South: So how did you wind up in Georgia?

Nick Di Paolo: We just like Savannah. We came down here seven or eight years ago for a weekend because my wife loves it. She’s into that book, Garden of Good and Evil, whatever the hell it’s called. She has roots way back in Georgia. There’s only like two nice places in Georgia and this is one of them. No, I’m sure there are plenty of places, but it’s a nice town.

South: How much has comedy changed in recent years?

ND: The culture became the counterculture and vice versa. We’re the counterculture, which is what comedy is supposed to be. Being pro-status quo, pro-political correctness, pro-censorship seems to be the zeitgeist of the moment.

South: Are there any left-leaning comics you like?

ND: Al Franken – I loved him on Letterman. I wanna punch him in the face, but I found him funny because he was kind of mean. Anybody who was funny…George Carlin was a hippie liberal, but he was smart enough to know, “Hey this is wrong.” And his famous bit about seven words you can’t say on TV, I was going to do a new list of 100 words you can’t say anywhere.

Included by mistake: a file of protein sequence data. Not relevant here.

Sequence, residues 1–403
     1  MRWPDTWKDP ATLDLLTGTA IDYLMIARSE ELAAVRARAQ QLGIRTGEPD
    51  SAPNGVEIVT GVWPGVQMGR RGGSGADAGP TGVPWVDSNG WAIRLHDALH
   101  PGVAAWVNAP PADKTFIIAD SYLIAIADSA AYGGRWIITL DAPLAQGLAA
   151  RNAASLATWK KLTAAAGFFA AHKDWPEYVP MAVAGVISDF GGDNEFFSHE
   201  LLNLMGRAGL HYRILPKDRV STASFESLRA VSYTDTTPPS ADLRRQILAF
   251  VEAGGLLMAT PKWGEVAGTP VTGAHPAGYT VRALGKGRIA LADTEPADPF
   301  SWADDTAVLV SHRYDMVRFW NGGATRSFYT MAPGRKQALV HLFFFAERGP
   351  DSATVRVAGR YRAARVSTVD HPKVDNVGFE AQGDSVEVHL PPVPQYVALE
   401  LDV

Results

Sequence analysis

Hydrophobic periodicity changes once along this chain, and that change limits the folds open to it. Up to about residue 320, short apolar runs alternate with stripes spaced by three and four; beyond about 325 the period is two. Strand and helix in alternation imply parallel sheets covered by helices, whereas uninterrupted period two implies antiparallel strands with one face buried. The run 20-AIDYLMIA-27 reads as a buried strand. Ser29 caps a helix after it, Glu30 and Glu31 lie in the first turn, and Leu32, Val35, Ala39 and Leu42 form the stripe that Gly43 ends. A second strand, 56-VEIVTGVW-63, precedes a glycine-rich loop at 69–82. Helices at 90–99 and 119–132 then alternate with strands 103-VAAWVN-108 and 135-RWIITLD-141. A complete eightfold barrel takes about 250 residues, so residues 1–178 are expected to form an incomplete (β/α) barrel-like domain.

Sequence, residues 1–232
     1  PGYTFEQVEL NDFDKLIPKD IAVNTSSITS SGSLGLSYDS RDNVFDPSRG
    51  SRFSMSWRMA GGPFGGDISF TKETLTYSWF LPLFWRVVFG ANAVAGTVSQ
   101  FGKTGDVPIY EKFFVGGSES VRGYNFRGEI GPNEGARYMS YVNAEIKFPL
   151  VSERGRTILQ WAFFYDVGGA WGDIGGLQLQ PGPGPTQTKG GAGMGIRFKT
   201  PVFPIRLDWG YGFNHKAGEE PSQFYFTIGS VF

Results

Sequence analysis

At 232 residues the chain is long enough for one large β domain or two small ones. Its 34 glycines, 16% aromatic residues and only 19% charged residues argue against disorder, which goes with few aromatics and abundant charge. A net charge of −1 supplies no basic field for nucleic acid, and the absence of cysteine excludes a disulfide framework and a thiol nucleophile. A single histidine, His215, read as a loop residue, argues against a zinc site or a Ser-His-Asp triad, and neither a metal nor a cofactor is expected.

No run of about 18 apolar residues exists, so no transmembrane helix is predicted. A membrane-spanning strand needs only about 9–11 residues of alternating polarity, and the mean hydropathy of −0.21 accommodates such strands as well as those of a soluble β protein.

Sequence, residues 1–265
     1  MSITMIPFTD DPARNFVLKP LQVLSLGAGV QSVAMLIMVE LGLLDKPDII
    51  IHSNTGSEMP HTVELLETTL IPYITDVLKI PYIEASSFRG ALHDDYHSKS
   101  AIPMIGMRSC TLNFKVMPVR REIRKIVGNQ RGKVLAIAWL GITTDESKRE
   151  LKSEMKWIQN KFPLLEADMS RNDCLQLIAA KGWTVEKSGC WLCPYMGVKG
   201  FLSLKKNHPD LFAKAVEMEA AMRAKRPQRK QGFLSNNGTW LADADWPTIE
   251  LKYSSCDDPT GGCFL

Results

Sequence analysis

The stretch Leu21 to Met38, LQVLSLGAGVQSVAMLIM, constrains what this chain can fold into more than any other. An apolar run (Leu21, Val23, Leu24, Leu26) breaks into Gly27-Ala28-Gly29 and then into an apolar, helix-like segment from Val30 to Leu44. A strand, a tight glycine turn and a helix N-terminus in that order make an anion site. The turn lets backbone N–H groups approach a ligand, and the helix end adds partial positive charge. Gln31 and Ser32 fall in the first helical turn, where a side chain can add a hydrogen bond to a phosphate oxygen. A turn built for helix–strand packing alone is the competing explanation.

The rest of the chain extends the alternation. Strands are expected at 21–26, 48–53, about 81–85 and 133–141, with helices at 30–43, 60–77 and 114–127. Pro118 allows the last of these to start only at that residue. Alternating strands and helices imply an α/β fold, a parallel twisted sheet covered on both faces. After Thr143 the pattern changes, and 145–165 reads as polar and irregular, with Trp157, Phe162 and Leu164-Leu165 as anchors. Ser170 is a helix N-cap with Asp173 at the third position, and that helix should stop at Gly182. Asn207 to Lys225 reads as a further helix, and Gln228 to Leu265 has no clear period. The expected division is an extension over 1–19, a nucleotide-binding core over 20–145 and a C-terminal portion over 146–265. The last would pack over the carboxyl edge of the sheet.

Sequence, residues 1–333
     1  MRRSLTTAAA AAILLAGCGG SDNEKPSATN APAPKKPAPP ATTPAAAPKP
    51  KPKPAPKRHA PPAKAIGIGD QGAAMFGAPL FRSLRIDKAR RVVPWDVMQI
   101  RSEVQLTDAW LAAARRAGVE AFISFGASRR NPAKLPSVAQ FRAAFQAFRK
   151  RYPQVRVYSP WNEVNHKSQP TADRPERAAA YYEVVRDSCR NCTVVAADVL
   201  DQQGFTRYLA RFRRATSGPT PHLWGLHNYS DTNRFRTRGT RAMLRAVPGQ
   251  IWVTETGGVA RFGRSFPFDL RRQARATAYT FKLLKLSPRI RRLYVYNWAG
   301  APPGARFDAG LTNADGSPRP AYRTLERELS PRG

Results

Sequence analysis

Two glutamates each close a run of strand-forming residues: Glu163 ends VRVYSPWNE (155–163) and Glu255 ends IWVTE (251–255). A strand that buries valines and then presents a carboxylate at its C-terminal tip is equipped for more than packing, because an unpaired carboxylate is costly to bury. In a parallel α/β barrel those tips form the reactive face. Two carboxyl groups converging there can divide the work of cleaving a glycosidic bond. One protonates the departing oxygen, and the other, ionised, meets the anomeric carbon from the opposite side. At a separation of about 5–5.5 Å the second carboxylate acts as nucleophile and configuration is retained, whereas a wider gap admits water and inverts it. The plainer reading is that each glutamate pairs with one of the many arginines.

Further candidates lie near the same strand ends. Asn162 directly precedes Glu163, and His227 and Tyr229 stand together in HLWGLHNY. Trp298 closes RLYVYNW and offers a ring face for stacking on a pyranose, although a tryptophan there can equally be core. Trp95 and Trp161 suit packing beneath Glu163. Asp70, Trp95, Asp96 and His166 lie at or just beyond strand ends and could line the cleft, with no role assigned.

I heard some comedian say a comedian should be like a basketball ref. That’s all well and good, but right now the democrats are committing flagrant fouls 40 a minute. And I’m calling them, and now you’re calling me biased.

South: You have a bit in your newest special about how much you’re fan of Trump. What are your thoughts on the impeachment talk right now ?(NOTE: At the time of the interview, the impeachment investigation had not yet officially started).

ND: I think it’s another witch hunt. I didn’t know they’d be so relentless, but I knew as soon as Trump was inaugurated that eventually they’ll try to impeach him. We have so many dumb people in this country that rely on the mainstream media and the internet, and don’t do their thinking for themselves. The polls don’t reflect how people think; they tell them how to think.

South: What’s your favorite Nick Di Paolo joke?

ND: There’s one that I found on a website that listed a bunch of famous quotes. I’m up there with Lincoln, Patton, Vince Lombardi…it’s a joke that I did on the 1992 Young Comedians Special about testing on animals. “If hooking a monkey’s brain up to a car battery is going to save somebody from dying of AIDS in 10 years, I got two things to say: the red is positive and the black is negative.” The prime minister of Australia used that joke. Don Cherry has used it. That’s the one that hit home.

South: It seems like everyone who knew him had a good Patrice O’Neal story. What’s yours?

Nick Di Paolo: We were going through customs this one time, it was me and Patrice and two other comics. They stopped us and we’re all sitting there waiting, and after about 15-20 minutes we’re like, “What’s the hold up?” The guy tells us “One of you has a felony,” and we all look at Patrice. And it was. He’d done something as a kid. I forget what. More about Nick at nickdip.com